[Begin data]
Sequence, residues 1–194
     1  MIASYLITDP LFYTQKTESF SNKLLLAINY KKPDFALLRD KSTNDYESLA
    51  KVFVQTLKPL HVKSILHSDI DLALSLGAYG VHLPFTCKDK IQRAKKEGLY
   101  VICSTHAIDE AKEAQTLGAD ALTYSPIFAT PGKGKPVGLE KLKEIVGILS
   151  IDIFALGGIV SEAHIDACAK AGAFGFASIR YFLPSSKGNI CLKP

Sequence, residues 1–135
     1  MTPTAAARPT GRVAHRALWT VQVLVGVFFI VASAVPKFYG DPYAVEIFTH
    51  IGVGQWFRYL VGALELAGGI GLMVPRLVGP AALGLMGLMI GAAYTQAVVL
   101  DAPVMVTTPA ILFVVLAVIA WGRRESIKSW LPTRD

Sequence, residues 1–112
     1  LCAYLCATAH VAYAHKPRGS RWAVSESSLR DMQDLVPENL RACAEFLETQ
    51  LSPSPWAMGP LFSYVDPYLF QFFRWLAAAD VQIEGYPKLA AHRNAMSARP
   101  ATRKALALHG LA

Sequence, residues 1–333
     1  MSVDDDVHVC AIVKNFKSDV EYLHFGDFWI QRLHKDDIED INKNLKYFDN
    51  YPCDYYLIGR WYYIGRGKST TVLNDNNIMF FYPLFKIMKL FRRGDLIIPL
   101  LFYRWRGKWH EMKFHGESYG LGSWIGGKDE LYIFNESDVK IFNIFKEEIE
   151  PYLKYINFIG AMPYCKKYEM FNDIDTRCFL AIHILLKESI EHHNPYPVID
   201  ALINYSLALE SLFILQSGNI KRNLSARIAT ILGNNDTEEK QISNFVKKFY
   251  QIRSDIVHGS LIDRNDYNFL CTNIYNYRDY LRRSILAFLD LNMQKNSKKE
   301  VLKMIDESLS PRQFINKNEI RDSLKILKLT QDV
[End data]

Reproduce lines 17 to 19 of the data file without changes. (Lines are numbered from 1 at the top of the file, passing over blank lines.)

   101  LFYRWRGKWH EMKFHGESYG LGSWIGGKDE LYIFNESDVK IFNIFKEEIE
   151  PYLKYINFIG AMPYCKKYEM FNDIDTRCFL AIHILLKESI EHHNPYPVID
   201  ALINYSLALE SLFILQSGNI KRNLSARIAT ILGNNDTEEK QISNFVKKFY